Chinese Court May Compare Yi, Jordan

[by Arthur Tan-Chi Yuan; original version was first published in Chicago Daily Law Bulletin on April 11, 2012.  The current edition includes additional content, as well as attachments and notes]

If China were a common law country, Michael Jordan has a good chance of winning the right to reclaim his last name in Chinese in China, because the Beijing High People's Court recently sided with another NBA basketball star who was also a victim under similar facts.

This other victim is Yi Jianlian (last name is Yi), a 7-foot NBA player with the Dallas Mavericks. He is a Chinese native from Guangdong (the province nearest to Hong Kong) and was drafted by the Milwaukee Bucks in 2007. His playing days started at the young age of 12 when, at about 6-foot-4, he was spotted by a basketball coach at a street basketball tournament in Guangdong in 1999.

Yi began playing for a professional club in the Chinese Basketball Association when he was only 15 years old. He quickly excelled over his peers and won accolades such as the rookie of the year and membership in the national youth team, among other honors in 2002. By 2005, he improved his skills to win the association's MVP award.

While he was busy sharpening his skills during the 2002-2003 season in Guangdong, a company called MingLe China Co. Ltd. in Fujian (the province nearest to Taiwan) was busy chiseling Yi's name onto a company plaque. In fact, MingLe filed two trademark applications using Yi's name, both in Chinese characters and in English, in 2003. The two trademark applications were later registered in 2005 and consequently transferred to a company called Yi Jianlian Sporting Goods Co. Ltd. in 2009.

Yi discovered this blatant violation of his name and identity in 2006 and sought to cancel both marks before the Trademark Review and Adjudication Board, alleging violations of Article 31 of the 2001 Chinese Trademark Law, which states: "An application for the registration of a trademark shall not create any prejudice to the prior right of another person, nor unfair means be used to pre-emptively register the trademark of some reputation another person has used."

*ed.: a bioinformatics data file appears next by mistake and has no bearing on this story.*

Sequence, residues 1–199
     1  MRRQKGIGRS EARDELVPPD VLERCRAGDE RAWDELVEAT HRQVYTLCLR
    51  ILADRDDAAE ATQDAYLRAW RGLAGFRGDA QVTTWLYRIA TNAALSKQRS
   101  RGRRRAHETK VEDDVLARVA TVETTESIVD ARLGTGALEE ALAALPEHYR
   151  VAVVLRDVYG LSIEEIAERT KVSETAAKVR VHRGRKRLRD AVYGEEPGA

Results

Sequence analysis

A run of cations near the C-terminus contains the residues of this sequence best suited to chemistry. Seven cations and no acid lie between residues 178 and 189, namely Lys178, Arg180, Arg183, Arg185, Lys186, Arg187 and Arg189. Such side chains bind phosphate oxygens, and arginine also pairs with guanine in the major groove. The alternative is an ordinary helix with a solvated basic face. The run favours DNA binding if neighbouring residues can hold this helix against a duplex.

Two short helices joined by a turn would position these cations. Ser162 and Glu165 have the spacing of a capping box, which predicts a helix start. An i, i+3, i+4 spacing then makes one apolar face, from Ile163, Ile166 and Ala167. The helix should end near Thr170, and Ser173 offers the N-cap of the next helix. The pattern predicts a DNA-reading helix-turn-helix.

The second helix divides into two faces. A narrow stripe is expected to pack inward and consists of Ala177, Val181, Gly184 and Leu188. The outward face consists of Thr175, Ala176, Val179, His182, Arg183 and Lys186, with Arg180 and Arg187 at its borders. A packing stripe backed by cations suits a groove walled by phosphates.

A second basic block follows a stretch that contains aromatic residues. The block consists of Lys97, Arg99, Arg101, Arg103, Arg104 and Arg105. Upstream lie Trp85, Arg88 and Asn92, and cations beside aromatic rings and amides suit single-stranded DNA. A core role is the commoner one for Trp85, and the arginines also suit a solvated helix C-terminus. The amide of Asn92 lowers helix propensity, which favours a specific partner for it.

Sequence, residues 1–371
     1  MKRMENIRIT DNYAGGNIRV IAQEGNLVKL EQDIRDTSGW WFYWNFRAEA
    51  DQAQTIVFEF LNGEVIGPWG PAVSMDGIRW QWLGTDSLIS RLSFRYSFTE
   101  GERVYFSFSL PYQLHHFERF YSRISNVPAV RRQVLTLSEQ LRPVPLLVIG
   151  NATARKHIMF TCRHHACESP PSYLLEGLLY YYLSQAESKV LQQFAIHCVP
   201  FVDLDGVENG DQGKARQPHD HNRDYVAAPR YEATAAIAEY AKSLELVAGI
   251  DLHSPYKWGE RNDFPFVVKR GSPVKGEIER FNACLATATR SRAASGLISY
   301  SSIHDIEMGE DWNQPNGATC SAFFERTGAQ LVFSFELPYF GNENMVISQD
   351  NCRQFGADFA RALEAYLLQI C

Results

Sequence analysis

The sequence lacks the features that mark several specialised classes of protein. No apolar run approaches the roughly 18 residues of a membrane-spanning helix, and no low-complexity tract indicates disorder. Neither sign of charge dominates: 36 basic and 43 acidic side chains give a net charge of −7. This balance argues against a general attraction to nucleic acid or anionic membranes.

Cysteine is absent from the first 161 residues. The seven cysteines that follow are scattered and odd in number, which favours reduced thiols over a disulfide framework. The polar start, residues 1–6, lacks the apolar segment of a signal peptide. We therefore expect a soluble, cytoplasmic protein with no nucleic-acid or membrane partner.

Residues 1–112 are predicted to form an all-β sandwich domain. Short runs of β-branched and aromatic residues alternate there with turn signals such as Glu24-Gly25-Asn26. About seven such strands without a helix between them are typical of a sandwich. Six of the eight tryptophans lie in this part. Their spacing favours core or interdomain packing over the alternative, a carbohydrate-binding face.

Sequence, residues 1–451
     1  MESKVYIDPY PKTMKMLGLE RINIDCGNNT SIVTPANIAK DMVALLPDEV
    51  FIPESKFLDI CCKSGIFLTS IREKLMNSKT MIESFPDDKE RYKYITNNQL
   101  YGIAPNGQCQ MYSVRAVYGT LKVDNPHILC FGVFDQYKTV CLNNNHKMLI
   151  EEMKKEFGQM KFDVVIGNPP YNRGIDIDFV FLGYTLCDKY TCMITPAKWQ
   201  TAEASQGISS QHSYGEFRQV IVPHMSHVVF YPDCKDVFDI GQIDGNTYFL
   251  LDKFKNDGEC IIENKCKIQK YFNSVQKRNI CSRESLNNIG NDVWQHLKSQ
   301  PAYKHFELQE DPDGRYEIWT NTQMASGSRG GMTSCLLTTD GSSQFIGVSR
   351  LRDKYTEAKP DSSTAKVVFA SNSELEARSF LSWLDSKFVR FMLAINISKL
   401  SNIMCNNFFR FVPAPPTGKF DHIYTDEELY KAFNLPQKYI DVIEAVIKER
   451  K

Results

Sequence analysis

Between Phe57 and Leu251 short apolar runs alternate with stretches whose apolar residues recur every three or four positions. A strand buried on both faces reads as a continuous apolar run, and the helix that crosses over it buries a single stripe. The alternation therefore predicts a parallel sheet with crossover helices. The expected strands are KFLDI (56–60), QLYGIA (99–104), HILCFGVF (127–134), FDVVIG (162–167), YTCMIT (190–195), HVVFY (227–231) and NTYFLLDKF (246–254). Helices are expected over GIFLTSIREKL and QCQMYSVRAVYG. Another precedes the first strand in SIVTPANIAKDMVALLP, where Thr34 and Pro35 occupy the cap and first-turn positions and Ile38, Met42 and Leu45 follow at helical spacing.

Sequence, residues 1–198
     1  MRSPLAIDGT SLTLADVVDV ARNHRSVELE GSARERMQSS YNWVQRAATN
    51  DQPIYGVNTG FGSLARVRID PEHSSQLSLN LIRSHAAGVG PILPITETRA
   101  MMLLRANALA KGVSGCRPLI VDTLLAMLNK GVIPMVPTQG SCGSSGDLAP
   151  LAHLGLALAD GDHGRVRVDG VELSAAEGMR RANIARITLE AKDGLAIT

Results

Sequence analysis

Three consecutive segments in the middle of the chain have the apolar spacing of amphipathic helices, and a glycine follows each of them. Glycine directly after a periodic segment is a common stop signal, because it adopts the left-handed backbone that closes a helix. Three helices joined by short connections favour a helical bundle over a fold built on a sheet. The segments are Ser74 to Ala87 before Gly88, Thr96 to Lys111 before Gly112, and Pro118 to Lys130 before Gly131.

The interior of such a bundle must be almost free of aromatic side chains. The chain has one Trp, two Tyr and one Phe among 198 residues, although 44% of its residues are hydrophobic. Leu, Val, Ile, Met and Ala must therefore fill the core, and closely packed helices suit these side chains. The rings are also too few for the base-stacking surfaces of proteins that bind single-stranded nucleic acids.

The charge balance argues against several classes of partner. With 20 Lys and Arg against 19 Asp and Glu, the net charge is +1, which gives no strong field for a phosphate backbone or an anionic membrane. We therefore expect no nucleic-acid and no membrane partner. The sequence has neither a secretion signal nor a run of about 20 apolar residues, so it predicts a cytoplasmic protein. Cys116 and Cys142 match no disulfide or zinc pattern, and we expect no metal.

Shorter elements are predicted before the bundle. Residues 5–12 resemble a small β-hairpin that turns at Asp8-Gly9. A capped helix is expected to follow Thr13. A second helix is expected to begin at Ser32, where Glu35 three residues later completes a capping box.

Yi argued, at minimum, that the right to his name is his "prior right of another person," according to the law. Yi further alleged the defendants infringed his rights under Article 13 of the law, which states, in pertinent part: "Where a trademark in respect of which the application for registration is filed for use for identical or similar goods is a reproduction, imitation or translation of another person's trademark not registered in China and likely to cause confusion, it shall be rejected for registration and prohibited from use."

On Nov. 30, 2009, the board ruled in Yi's favor and found that, by the time the two applications were filed, Yi was a well-known basketball player in the Chinese basketball world. But the board did not find infringement under Article 13 of the law, because Yi failed to present evidence that he filed any trademark application for his name.

Surprisingly, Yi Jianlian Sporting Goods Co. Ltd. appealed the board's decision. The company claimed that Yi was not well-known back in 2003. After losing its first appeal, the company sought a second appeal before the Beijing High People's Court. On July 30, 2010, the Beijing High People's Court affirmed the board's decision and held that Yi's right to his name is indeed his "prior right" under Article 31 and that the company had infringed this right.